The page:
Gibbs Aquada

Amphibious cars have always been a bit of a compromise. Although they can travel on water and land, nobody has made one that is actually very good in either environment - until now.

The Gibbs Aquada is fun to drive on land and in water. Despite its ride height and boat-like body, it feels quite sporty. The only problem is the huge price tag. However, it's designed as a millionaires' plaything, and they probably have a garage full of cars already.

Amphibious cars have always been a bit of a compromise. Although they can travel on water and land, nobody has made one that is actually very good in either environment - until now.

Gibbs Technologies, based in Nuneaton, Warwickshire, claims its Aquada is a sports car and a speedboat all in one. To find out if these bold claims are true, Auto Express got behind the wheel for the first ever UK test drive.

From the front, the Aquada looks like a beefed-up Mazda MX-5 - mainly because it borrows its headlamps from the roadster. However, jump inside and the similarities end. For a start there are no doors, so you enter by climbing in over the side - as you would a boat. Also, there are three seats rather than two, with the driver positioned centrally - as in the McLaren F1 - and you sit high up, similar to an MPV.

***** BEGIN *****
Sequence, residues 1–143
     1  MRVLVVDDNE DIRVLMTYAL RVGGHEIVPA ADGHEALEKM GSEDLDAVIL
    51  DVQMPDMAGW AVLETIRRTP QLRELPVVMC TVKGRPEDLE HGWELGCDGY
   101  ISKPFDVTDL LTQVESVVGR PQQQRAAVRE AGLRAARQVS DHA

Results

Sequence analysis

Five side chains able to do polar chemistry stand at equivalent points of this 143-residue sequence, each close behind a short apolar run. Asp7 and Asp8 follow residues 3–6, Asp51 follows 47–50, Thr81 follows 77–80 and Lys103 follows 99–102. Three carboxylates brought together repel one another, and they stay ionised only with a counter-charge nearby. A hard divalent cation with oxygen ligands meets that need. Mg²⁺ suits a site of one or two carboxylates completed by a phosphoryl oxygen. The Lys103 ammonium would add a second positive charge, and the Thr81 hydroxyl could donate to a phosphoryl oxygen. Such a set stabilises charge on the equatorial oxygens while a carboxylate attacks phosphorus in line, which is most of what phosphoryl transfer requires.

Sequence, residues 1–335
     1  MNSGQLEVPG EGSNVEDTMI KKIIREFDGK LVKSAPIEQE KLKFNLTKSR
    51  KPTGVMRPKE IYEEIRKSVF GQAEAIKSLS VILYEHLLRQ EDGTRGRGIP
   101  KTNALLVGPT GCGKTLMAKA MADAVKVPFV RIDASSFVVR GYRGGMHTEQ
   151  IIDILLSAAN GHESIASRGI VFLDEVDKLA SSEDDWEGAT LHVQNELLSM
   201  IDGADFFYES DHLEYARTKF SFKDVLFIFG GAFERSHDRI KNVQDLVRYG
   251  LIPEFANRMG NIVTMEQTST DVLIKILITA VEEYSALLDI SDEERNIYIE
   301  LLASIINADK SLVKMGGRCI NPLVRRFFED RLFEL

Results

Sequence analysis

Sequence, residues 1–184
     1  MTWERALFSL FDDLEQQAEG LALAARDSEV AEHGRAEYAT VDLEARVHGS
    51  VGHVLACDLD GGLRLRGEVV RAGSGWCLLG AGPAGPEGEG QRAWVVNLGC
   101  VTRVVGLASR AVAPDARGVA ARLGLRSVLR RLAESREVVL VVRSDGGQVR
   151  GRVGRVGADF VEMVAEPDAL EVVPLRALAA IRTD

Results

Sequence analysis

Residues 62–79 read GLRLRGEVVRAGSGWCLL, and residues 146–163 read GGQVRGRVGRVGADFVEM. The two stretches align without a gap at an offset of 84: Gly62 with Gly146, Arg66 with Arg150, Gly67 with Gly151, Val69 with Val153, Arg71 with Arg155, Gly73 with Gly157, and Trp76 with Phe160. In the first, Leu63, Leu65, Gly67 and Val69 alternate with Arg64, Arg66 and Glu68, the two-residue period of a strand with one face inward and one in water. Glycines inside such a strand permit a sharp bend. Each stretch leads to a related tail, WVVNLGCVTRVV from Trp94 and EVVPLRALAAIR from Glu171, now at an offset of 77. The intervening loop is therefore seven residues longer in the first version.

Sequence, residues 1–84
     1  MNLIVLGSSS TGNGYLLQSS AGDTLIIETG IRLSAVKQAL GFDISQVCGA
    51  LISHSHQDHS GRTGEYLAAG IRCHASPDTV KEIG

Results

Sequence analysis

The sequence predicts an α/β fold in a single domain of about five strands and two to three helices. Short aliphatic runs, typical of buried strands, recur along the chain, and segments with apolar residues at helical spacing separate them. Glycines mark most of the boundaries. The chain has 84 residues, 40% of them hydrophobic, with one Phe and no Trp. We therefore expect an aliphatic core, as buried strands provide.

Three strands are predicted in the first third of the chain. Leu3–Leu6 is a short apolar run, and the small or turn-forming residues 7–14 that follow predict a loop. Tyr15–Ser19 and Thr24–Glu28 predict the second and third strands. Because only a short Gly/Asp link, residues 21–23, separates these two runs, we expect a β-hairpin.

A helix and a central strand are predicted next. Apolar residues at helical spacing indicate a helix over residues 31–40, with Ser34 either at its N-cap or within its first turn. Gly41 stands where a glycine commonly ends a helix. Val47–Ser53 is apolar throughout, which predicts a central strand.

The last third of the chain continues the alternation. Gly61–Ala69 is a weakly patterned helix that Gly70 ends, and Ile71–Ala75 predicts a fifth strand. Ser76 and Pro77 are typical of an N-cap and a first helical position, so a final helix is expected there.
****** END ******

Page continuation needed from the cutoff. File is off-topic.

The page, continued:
Power comes from the 2.5-litre V6 petrol engine used in the Land Rover Freelander. It's mid-mounted and connected to the rear wheels via a four-speed auto gearbox. With 175bhp on tap, the unit propels the Aquada from 0-60mph in about 8.5 seconds and on to a top speed of 110mph. The engine sounds fantastic under acceleration and emits an intoxicating thrum from the air intake. However, as the speed rises, so does the wind buffeting, and the lack of a roof means there's absolutely no protection from the elements.

It may be a boat on wheels, but on the road the Aquada handles more like a genuine sports car than a barge. Its Citroen-sourced gas suspension has been stiffened to give a firmer ride, and the car's cornering ability belies the lofty ride height and 1,450kg weight.

Near-perfect weight distribution, plus a huge front anti-roll bar, help it remain flat through even the tightest of turns. Also, the steering is incredibly direct, and it's possible to tighten your line mid-bend using the throttle - just as you would in a proper sports car.

Be warned, though, as the Aquada's considerable bulk means it needs to be treated with respect when pressing on. Fortunately, the brakes are impressive and provide more than enough feel, although there's no ABS. In fact, safety equipment is rather limited, apart from the flares, life jackets and fire extinguisher included as standard!

The Aquada is pretty impressive, and more fun to drive than a lot of modern saloons. But for the £150,000 asking price you could buy a Ferrari 575M.

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